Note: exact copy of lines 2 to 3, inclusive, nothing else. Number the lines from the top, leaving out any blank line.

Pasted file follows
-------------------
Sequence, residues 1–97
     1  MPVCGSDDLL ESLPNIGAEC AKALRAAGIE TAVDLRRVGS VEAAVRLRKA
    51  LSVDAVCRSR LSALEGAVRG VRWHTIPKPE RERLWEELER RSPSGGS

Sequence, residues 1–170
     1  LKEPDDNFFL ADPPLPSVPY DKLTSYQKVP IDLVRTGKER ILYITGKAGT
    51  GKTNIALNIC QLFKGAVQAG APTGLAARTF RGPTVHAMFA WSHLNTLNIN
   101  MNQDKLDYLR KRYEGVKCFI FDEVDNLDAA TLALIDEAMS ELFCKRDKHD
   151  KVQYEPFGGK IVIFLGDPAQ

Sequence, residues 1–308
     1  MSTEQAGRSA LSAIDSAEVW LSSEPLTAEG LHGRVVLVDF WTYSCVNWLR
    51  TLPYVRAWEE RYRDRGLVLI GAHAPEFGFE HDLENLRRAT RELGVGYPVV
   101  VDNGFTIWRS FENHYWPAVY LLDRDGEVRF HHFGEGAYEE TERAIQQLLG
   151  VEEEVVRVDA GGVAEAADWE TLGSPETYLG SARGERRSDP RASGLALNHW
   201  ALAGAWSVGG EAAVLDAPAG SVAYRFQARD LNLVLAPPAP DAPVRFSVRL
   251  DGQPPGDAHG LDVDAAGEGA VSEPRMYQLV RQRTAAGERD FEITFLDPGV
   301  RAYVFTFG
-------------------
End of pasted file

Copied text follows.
     1  MPVCGSDDLL ESLPNIGAEC AKALRAAGIE TAVDLRRVGS VEAAVRLRKA
    51  LSVDAVCRSR LSALEGAVRG VRWHTIPKPE RERLWEELER RSPSGGS